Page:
Council member: So it really is social engineering.
Representative: I wouldn’t call it that.
Tea party member: But that is what you just said.
Representative: I wouldn’t call it that.
The representative told me later that many of the questions that Tea Party attendees threw at him were unfamiliar to him and seemed to misconstrue the plan. Crucially, he was unfamiliar with the specific meanings Tea Partyists attached to issues of regional planning and sustainable development. It was as if he and the Tea Partyists were discussing two entirely different plans, and he was left to offer responses like, “That is not planned by the consortium,” and “I’m not aware of that restriction,” which the Tea Partyists interpreted as evasive or untrue.
As a result, the city council was even more divided than before the meeting, and Adams County Tea Party members were able to call their efforts a “victory” on social media, thereby encouraging other Tea Party groups to engage in similar actions. Nearly six years later, Dixon is not a member of the consortium, and local governments across the nation have experienced protests against plans that were supposedly inspired by Agenda 21.
This scene illustrates a crucial, but not often discussed, factor in the Tea Party movement’s success. Local activists were overlooked in many of the early accounts of the Tea Party, yet the groups I observed made local politics a primary site of conflict. It is important to stress that these local groups—then and still today—do not just form ad hoc for one event. Local Tea Party groups of 50 to 500 people regularly meet to learn about issues, exchange information, and report on and plan activities. In the process, these interactive social spaces provide the setting for Tea Party supporters to fashion durable identities as Tea Party activists. These newly minted activists are eager and willing to bring their beliefs in smaller government, lower taxes, and personal liberty into local political arenas, where they often have significant, while less-noticed, effects on important issues such as land use, city and regional planning, property taxes, and public education.
The Tea Party’s success is to a large degree based on the socially constructed cultural world the movement has created, which forms the context for forging a powerful political identity. Simply put, the Tea Party network and its local participants create what it means to be a Tea Party member, an identity that entails a unique constellation of beliefs, practices, interpretive frames, and symbols.
The cultural world of the Tea Party contains three broad themes: patriotism and history, such as their emulation of the Founding Fathers; political and cultural fundamentalism, epitomized in their strict, literal interpretation of the United States Constitution and their resistance to compromise; and emotional registers of indignation and mistrust. Their identity is grounded in their sense of anger and loss with regard to values that they say made America exceptional—independence, self-reliance, and achievement. According to Tea Partyists, those values, espoused by the founders, enshrined in the Constitution, and held dear by previous generations, are being betrayed by the government’s ever-expanding role and forsaken by most Americans.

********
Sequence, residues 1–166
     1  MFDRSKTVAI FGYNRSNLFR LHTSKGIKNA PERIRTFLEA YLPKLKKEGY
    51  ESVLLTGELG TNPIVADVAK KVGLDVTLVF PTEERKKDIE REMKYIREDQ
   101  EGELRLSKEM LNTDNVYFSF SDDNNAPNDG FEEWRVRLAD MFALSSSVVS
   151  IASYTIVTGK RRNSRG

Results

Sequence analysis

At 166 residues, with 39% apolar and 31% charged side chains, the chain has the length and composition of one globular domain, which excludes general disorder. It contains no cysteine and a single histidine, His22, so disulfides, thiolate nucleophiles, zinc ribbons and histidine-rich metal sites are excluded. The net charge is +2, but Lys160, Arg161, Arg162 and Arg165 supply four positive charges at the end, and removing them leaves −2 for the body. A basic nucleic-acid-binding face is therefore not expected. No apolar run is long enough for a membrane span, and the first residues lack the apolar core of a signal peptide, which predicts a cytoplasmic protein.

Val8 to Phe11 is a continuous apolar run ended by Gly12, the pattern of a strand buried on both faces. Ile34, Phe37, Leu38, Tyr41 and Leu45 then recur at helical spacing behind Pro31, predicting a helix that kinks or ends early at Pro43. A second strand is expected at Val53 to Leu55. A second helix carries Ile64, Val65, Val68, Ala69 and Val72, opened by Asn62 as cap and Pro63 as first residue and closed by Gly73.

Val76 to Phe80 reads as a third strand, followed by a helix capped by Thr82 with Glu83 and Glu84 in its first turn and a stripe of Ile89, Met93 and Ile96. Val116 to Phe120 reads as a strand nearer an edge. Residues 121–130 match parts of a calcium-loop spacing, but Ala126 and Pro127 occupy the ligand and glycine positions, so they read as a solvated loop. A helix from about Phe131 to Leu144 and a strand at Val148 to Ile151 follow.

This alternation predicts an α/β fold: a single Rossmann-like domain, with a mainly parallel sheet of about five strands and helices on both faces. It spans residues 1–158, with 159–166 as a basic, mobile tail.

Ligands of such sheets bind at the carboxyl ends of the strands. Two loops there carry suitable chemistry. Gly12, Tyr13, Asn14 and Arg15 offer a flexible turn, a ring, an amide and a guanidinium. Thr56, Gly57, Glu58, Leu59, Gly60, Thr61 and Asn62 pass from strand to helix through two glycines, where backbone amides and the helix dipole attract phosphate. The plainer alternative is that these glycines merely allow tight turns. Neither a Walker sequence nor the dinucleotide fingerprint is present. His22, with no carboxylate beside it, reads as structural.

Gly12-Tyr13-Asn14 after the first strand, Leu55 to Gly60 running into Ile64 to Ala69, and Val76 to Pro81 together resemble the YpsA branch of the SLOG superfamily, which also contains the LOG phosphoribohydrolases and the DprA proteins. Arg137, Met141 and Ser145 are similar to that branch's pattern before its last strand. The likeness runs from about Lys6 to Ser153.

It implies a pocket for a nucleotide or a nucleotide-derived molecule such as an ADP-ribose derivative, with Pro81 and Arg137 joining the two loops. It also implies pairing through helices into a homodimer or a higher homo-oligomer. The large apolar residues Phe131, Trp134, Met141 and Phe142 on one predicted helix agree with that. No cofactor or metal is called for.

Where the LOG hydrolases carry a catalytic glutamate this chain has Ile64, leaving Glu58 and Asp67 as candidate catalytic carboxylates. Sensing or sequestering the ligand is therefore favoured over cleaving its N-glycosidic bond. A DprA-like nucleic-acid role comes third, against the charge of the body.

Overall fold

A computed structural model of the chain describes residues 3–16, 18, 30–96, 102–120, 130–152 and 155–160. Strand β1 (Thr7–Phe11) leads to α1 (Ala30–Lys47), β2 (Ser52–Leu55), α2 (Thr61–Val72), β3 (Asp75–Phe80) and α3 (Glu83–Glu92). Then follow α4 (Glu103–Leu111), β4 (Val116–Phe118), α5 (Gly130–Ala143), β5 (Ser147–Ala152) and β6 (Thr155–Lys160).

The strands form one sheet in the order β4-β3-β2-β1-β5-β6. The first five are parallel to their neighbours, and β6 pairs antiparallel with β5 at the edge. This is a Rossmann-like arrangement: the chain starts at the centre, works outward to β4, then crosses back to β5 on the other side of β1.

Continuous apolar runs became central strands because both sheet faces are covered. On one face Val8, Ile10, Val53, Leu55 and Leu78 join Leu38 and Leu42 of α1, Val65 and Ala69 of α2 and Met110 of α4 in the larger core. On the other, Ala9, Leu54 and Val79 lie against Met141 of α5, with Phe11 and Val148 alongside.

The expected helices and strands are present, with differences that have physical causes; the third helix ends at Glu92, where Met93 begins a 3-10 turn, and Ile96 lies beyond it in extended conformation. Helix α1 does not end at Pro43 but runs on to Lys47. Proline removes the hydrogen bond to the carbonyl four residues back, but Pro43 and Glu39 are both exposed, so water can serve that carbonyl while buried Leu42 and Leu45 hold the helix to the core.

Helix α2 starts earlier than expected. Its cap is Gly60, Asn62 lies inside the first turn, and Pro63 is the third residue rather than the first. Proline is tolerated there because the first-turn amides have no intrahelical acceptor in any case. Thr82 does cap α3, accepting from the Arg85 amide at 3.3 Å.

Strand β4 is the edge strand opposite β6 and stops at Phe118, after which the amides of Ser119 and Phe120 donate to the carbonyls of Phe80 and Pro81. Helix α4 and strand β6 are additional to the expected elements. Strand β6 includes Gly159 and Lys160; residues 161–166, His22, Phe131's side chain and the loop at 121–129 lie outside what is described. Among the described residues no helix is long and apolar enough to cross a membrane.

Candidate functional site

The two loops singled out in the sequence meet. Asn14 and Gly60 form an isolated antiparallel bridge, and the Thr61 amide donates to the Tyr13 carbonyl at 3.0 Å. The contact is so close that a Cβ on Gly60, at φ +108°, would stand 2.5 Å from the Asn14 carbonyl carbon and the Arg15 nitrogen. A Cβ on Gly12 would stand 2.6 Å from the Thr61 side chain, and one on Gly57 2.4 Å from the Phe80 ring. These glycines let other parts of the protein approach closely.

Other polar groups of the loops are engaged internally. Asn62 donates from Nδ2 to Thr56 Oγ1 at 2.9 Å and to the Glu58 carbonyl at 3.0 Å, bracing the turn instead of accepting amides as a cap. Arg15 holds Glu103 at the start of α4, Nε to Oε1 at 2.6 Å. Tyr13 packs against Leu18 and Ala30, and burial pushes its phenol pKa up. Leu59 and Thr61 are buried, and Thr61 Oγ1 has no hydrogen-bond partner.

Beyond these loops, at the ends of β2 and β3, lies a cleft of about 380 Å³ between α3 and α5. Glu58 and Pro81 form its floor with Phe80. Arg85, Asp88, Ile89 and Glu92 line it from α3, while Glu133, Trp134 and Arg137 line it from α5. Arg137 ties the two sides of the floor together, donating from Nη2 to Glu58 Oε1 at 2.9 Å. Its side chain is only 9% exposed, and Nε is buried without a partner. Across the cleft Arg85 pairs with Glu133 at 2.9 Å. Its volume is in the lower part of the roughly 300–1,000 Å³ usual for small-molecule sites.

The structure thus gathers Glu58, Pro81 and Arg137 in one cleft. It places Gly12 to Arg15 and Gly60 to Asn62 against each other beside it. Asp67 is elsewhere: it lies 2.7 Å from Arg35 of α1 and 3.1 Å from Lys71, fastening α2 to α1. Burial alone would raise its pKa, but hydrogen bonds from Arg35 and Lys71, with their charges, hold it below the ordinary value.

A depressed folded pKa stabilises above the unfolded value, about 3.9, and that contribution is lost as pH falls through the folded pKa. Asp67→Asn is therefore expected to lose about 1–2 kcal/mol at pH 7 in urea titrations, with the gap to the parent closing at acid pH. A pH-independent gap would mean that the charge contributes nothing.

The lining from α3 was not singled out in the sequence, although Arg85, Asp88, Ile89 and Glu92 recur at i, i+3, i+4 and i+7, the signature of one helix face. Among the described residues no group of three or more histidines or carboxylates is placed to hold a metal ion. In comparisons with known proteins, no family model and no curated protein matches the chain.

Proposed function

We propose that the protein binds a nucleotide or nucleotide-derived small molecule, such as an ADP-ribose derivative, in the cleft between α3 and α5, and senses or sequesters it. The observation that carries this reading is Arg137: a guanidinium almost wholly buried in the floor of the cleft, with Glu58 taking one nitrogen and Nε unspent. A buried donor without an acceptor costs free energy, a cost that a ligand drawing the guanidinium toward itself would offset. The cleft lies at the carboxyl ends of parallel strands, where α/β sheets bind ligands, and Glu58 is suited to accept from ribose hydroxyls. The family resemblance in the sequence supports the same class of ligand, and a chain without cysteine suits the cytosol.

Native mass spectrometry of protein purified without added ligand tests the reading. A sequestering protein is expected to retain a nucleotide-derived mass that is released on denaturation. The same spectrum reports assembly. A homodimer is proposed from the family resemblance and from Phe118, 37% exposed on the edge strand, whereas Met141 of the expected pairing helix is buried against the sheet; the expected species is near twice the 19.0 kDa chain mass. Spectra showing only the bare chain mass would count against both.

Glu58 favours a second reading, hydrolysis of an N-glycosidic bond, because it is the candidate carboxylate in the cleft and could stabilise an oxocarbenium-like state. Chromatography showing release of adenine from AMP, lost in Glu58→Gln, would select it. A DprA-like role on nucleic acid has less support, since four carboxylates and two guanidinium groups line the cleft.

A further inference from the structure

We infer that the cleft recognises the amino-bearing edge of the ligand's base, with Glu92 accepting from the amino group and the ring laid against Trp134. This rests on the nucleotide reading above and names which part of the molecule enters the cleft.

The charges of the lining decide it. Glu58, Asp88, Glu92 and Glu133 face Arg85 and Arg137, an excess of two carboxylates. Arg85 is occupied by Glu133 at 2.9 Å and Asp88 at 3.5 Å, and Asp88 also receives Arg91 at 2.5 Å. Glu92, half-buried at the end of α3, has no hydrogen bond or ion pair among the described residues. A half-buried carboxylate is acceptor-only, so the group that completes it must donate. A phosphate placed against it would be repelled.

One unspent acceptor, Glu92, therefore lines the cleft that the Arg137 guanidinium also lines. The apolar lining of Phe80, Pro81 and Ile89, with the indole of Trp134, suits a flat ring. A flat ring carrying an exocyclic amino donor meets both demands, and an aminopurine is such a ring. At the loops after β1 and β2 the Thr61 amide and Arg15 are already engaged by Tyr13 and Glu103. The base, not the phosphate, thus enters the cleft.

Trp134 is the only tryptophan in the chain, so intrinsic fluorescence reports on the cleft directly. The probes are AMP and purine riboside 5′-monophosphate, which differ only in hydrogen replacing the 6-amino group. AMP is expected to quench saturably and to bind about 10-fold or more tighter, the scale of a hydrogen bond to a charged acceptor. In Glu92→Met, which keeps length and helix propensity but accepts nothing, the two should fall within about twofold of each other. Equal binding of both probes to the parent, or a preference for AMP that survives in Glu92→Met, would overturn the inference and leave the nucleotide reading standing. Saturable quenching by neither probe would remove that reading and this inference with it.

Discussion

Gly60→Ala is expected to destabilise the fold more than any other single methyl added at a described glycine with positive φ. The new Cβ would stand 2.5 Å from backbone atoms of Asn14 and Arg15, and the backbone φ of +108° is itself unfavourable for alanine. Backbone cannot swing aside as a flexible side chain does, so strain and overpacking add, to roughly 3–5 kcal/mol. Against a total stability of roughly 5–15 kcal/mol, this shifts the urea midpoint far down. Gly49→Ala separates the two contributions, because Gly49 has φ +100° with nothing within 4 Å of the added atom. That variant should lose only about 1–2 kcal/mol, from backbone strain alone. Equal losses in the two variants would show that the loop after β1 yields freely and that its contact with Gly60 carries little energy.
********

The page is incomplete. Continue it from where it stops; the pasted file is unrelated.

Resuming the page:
The importance of local Tea Party groups becomes apparent when considered in this context. These groups meet regularly in secluded spaces where the Tea Party identity can be performed, strengthened, disclosed, and imparted to others. A crucial aspect of the Tea Party is outward political activism. The gatherings I studied were essentially workshops in democratic citizenship in which people learned and taught others to do activism, such as organizing protests and rallies, setting up phone trees to speak out on important legislation, testifying at public hearings, and conducting the myriad of activities involved in political campaigns.
Of the eight groups I observed, seven of them became effective local political actors. Two groups seized control of their county’s Republican Party organizations. Another wrote a symbolic alternative budget for their county government that eliminated the need for a tax increase. All provided an army of get-out-the-vote ground troops who contributed to the massive GOP election victories that came out of the “Tea Party wave” in 2010. Tea Partyists and their newly elected allies helped block President Obama’s agenda by presenting an uncompromising, indignant activism that influenced officeholders, media, and everyday citizens.